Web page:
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Any demand for part-time freelance oracle pl/sql programmers?

Discussion in 'Jobs Board' started by aegis, Oct 26, 2016.

  1. aegis

    aegis Newly Initiated

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    Hi everyone,

    I'm a CPA and I work in financial reporting for a large corporation that uses R12. I previously worked in public accounting as an auditor and I had clients that required me to query their database to get the information I needed to conduct the audits of multiple entities. So, although I was a financial statement auditor as opposed to an IT auditor, I had some exposure to SQL.

    Anyway, I'm kind of bored with my job and I've been looking for some ways to make extra money on the side. Is it feasible for an accountant to learn PL/SQL and earn some extra money bidding on jobs on freelance sites? Or is the learning curve too steep? Any other suggestions?
     
  2. zargon

    zargon Community Moderator Forum Guru

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    Since I don't know your experience level with Oracle it's difficult to say just how difficult it will be for you to learn how to program with PL/SQL. PL/SQL is different from SQL and SQL*Plus so you can't really compare the two. You should start reading here:

    https://docs.oracle.com/cloud/latest/db112/LNPLS/toc.htm

    to understand what PL/SQL is. Another good resource is:

    http://www.stevenfeuerstein.com/learn/learn-plsql

    After going through those you should be able to make your own assessment as to your skills and proficiency. Only then will you be able to decide if you understand enough to take side jobs.
     
  3. Sadik

    Sadik Community Moderator Forum Guru

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    Yes of course. In my experience the best way to learn something is through implementation.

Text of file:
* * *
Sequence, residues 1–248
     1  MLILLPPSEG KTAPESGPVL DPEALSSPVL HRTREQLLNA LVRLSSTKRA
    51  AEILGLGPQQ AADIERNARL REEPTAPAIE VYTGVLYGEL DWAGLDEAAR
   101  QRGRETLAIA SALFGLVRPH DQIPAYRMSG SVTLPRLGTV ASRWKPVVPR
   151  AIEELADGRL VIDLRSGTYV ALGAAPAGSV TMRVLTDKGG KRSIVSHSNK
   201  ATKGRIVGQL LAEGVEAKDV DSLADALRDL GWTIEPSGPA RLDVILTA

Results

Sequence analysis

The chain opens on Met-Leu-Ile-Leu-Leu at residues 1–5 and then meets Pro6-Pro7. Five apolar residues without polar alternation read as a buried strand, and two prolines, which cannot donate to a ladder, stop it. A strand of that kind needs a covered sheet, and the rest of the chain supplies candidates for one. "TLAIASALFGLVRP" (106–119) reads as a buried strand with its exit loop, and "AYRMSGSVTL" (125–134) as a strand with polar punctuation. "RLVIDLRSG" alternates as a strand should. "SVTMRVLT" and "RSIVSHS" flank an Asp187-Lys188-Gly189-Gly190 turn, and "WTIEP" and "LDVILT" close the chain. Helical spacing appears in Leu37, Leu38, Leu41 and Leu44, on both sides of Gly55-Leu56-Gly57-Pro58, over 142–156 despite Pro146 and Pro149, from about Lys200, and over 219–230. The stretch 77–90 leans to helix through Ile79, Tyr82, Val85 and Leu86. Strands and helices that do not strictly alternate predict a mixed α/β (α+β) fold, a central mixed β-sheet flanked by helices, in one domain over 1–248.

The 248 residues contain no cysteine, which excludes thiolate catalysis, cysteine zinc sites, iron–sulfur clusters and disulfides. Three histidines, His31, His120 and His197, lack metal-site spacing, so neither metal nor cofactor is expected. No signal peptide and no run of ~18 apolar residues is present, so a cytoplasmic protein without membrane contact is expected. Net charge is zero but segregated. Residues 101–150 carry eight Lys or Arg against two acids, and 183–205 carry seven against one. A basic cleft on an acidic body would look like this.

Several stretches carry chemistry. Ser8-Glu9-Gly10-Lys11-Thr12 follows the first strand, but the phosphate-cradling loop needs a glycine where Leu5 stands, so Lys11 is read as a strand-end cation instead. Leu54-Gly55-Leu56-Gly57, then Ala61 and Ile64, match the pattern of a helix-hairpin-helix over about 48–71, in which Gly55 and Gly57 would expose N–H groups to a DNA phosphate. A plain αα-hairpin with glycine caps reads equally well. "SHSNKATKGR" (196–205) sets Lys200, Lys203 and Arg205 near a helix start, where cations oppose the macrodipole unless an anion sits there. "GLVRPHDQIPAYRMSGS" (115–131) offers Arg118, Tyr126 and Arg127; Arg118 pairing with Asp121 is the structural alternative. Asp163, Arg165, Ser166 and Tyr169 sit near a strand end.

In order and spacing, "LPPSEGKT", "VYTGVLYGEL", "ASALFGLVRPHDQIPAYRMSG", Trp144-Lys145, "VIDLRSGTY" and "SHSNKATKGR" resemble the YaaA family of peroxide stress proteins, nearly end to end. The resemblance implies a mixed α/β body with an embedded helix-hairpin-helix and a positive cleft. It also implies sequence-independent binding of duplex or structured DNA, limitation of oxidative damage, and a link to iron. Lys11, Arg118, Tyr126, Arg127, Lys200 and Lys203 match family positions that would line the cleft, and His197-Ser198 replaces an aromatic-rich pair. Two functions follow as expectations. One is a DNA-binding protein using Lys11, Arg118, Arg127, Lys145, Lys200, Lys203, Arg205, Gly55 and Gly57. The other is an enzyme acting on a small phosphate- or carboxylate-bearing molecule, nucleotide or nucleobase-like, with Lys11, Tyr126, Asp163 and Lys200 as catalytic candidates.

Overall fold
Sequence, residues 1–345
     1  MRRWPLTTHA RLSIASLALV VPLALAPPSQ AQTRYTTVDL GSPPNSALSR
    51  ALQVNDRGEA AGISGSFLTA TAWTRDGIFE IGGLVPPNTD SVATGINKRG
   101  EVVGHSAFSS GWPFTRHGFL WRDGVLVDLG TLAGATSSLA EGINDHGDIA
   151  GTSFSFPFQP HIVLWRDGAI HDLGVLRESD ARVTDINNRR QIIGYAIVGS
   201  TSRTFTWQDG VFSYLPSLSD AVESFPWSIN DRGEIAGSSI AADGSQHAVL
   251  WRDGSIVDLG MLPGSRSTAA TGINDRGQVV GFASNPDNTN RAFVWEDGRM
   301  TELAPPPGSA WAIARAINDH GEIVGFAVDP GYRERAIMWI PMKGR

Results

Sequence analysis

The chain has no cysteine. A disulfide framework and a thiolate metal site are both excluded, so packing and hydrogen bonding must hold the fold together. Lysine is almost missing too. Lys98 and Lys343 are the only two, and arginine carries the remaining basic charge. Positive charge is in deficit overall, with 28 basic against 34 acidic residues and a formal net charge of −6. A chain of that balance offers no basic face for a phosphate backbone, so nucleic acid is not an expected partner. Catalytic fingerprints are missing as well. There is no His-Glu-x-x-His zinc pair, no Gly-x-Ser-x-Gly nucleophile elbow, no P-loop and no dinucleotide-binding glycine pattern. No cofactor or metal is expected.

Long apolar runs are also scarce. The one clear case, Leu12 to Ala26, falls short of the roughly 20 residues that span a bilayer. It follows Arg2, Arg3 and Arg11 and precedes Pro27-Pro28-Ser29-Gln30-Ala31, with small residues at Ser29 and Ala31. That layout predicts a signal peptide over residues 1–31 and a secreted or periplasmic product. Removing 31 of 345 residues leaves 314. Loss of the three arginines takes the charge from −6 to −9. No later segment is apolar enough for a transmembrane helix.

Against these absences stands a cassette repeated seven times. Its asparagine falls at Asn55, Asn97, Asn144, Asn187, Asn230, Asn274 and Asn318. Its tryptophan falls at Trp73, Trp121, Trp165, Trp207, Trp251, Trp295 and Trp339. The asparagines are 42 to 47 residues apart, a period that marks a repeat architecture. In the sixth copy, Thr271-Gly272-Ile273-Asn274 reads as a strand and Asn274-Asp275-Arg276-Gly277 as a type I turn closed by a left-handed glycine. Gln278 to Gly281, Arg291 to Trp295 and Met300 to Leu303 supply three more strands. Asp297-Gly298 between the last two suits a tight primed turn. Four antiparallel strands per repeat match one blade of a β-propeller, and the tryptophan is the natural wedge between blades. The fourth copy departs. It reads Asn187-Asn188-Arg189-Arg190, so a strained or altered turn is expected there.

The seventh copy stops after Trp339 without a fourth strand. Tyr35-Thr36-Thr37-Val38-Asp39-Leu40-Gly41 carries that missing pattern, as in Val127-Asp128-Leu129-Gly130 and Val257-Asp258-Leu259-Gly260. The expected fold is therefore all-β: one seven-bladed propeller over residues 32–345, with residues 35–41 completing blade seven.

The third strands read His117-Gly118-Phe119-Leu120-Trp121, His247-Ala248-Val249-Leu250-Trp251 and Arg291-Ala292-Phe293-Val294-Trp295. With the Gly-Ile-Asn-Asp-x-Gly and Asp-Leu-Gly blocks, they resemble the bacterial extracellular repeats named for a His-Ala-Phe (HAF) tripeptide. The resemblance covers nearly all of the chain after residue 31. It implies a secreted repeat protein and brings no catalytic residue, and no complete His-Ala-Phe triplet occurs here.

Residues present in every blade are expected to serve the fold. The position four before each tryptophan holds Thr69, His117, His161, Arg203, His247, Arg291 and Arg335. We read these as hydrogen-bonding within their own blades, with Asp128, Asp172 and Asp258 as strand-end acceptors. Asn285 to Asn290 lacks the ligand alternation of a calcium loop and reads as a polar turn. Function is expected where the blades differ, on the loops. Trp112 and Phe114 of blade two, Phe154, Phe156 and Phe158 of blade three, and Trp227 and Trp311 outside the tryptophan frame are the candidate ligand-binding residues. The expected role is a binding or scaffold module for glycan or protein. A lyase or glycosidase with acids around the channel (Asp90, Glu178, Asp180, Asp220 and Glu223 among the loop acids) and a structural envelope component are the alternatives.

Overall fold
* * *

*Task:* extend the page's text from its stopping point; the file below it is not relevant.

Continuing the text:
Here's what I would do if I were in your shoes.

    I would think of an interesting PL/SQL project with real world requirement. For example designing the entire Database schema and implementing it for an e-commerce platform. So my goals would be to create the DB system of an e-commerce store. I would start by defining the required tables, triggers, procedures etc. I would consider all the possible transactions, their performance etc. I would then start a Blog (I will tell you why below) and document my entire learning process.

    Once I progress and am able to finish the implementation, I would make the entire schema, tables structures, code etc everything available online for free on my blog and post it wherever I can for free... Yeah you read that right. Put my entire work (let's say it takes 3 months for this) for free wherever I can, like say stackoverflow, github etc and every other site which lets you post projects and scripts.

    So let's say after 3-6 months of following the above, 1> You have learnt the basics of implementation, and b> created a large volume of "social proof" that you are an expert in PL/SQL. (Even though you may not be technically an expert yet).

    Then I would sign up on upwork.com and search for PL/SQL projects which I find interesting or which may pay well. In my proposal the client, I would point to my Blog, my Github and other code as proof of my expertise.

    If you do all of the above right, you will within the next few months not only learn what you want but also finally win decent projects with which you can earn and further your learning. Over time, as your experience grows you can aim for higher paying, more complex projects.

    Hope this helps... :)